The first function receives the request to start watching a coin, and starts a new watcher process. I created an HttpWebhook function which is listening to a Twilio webhook to notify my function whenever I send a text to a specific number. I parse the command sent (“watch” or “stop”), and then spin up a new orchestration for a watcher.

A coin watcher is an instance of a durable function. In this case the durable function is a while loop: “While the current price is less than the threshold price, keep checking the price.” To make sure I don’t have watchers checking for years, I also have a limit on the while loop (settable via an app setting, right now I have a single watcher timing out after 1 week if threshold isn’t hit). I also add in a delay so I don’t keep checking the price in rapid succession.

Here’s the code to the durable orchestrator for a coin watcher:

A few callouts worth amplifying: When a durable function runs, the way it manages running long-term processes in short-lived functions is by taking advantage of state retrieved in the context and replaying the function to resume at the next step. This means you need to be very careful in your durable function so that replays provide deterministic and consistent results. You’ll notice to get the current time, I’m actually leveraging the context with the expression context.CurrentUtcDateTime instead of something like DateTime.Now as the context will return the same value on replays so not to throw off other conditions.

I’m also adding in a delay during the while loop, so I’m not getting throttled by the exchange API (in this case, Bittrex). I add a 15 minute delay with the following line which pulls down the delay interval from my Azure App Settings (so I can customize without having to re-deploy).

await context.CreateTimer(context.CurrentUtcDateTime.AddMinutes(double.Parse(Constants.DelayInterval)), CancellationToken.None);

What are the actions being called like “send_message” and “watcher_getticker?” Those are just simple Azure Functions like below:

Now whenever I text something like “watch eth 900” a durable instance will spin up and continue to check the price of Ethereum until it crosses $900 or the while loop times out (and sends me a nice text message to inform me it timed out if I want to renew).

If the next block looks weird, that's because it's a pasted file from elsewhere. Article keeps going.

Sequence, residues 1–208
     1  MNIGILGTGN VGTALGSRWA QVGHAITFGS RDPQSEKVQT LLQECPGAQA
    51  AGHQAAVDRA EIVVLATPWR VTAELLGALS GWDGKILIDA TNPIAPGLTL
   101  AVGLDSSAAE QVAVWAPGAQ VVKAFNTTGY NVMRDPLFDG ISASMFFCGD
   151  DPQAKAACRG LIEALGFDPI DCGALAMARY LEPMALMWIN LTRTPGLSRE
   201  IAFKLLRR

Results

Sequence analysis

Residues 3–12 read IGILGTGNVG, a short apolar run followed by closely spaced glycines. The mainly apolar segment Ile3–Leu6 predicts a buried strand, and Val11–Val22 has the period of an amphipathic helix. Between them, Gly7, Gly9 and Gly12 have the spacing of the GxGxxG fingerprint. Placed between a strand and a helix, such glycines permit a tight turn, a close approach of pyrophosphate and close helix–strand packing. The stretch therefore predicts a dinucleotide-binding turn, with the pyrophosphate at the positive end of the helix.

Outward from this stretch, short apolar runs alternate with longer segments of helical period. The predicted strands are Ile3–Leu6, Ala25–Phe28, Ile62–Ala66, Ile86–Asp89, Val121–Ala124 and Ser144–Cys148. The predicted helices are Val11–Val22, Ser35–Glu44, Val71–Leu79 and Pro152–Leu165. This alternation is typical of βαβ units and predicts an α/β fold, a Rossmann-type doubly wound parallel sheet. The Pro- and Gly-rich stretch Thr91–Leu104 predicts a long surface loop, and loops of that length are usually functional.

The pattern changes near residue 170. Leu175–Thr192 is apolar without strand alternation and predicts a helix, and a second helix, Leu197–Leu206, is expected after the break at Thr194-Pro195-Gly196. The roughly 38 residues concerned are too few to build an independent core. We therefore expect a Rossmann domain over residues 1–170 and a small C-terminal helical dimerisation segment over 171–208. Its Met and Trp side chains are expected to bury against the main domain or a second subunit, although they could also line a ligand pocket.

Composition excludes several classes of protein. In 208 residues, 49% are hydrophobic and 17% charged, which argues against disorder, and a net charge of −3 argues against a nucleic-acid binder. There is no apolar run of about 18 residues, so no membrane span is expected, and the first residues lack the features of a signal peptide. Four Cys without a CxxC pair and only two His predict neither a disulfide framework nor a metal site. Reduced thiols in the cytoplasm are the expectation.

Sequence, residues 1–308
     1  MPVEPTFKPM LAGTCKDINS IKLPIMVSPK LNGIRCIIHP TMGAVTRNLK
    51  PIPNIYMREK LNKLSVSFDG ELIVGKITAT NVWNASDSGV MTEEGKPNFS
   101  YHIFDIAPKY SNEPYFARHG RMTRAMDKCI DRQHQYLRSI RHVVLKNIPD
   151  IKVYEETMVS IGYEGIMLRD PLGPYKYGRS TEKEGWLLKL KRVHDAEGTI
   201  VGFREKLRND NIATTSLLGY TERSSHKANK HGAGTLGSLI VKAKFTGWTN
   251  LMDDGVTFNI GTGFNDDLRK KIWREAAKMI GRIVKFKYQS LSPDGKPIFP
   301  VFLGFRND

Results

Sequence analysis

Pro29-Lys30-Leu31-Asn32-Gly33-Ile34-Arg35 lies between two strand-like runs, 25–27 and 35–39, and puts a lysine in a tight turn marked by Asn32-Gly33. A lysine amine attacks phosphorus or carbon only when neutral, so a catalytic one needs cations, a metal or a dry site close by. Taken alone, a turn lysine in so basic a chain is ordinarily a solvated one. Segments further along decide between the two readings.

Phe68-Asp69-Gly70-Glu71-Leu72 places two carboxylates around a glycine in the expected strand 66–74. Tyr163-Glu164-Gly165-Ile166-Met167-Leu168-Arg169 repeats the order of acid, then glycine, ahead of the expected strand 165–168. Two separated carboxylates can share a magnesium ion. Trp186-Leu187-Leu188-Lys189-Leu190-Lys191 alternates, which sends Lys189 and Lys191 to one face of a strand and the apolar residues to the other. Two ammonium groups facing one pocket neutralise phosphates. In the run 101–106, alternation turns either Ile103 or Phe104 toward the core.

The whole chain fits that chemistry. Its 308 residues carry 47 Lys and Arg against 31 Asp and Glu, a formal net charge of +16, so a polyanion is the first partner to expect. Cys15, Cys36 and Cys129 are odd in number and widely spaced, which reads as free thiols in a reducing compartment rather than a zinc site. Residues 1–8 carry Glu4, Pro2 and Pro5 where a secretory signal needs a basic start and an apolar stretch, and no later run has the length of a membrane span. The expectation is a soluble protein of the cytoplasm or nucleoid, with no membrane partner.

Terminating an active instance

One of the most pleasant surprises when building this was how easy it was to terminate an active instance. You may notice from the screenshot above I provide a way to cancel a watcher by texting “STOP” and some ID. Whenever a durable orchestrator starts, it returns an instance ID. I easily could have just texted back “stop {instanceId}” and been done. But an instance ID is a GUID like fe5cb9b39e0445f4b751d95fc6410ade which would be a pain to type on a phone. So whenever I create an instance, I create an alias for it as well in Azure Table Storage. In my case, I generate a number between 1–1000. I know, I know.. this means collisions will happen 1/1000 times per phone number, but I only ever plan to have about 4 watchers active at a time and opted for ease of typing instead of high level of entropy. If someone wants to open a pull request to generate a 4 character case-sensitive alphanumeric alias I will gladly accept it 😀.

Once a stop command is received, I map it to the instance ID and can terminate the instance with a single line of code from my master function:

await starter.TerminateAsync(((Alias)result.Result).Id, “User requested terminate”);

Just what I needed and was super easy to implement.

Extending the watcher model

This was really just the beginning of what I want to build out. I plan to extend the “send_event” function above to also emit an event to Azure Event Grid. As I supplement my request with more info, it could also trigger an automated purchase or sale of coins when a threshold is crossed.

I can’t state enough how much I love that I can create these little pieces of logic up in the cloud, have them run “all day, every day,” but only ever pay for the minutes of compute I actively consume.

The entire solution is checked into GitHub here, and should be compatible with the Azure Functions tools in Visual Studio 2017 if you want to deploy your own. It is written in .NET Core so compilable and runnable cross-platform as well.